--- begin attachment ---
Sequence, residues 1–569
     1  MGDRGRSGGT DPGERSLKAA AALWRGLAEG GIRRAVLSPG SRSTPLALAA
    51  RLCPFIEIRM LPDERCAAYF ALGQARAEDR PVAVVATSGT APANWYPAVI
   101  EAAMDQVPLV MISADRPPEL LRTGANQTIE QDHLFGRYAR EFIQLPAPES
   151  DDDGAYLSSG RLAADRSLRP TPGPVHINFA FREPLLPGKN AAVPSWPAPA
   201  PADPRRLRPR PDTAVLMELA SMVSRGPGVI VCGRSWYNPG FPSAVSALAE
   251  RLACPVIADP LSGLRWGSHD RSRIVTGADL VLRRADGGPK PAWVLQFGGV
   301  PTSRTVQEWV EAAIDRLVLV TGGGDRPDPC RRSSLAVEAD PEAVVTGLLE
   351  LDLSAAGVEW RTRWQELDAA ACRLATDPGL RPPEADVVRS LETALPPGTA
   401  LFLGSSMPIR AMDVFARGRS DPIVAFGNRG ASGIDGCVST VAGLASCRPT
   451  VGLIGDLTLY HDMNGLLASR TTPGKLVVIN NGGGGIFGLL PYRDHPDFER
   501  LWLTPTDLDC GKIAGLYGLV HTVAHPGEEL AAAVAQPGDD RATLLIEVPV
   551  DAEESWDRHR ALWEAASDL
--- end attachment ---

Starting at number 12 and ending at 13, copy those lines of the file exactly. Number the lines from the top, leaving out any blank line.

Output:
   501  LWLTPTDLDC GKIAGLYGLV HTVAHPGEEL AAAVAQPGDD RATLLIEVPV
   551  DAEESWDRHR ALWEAASDL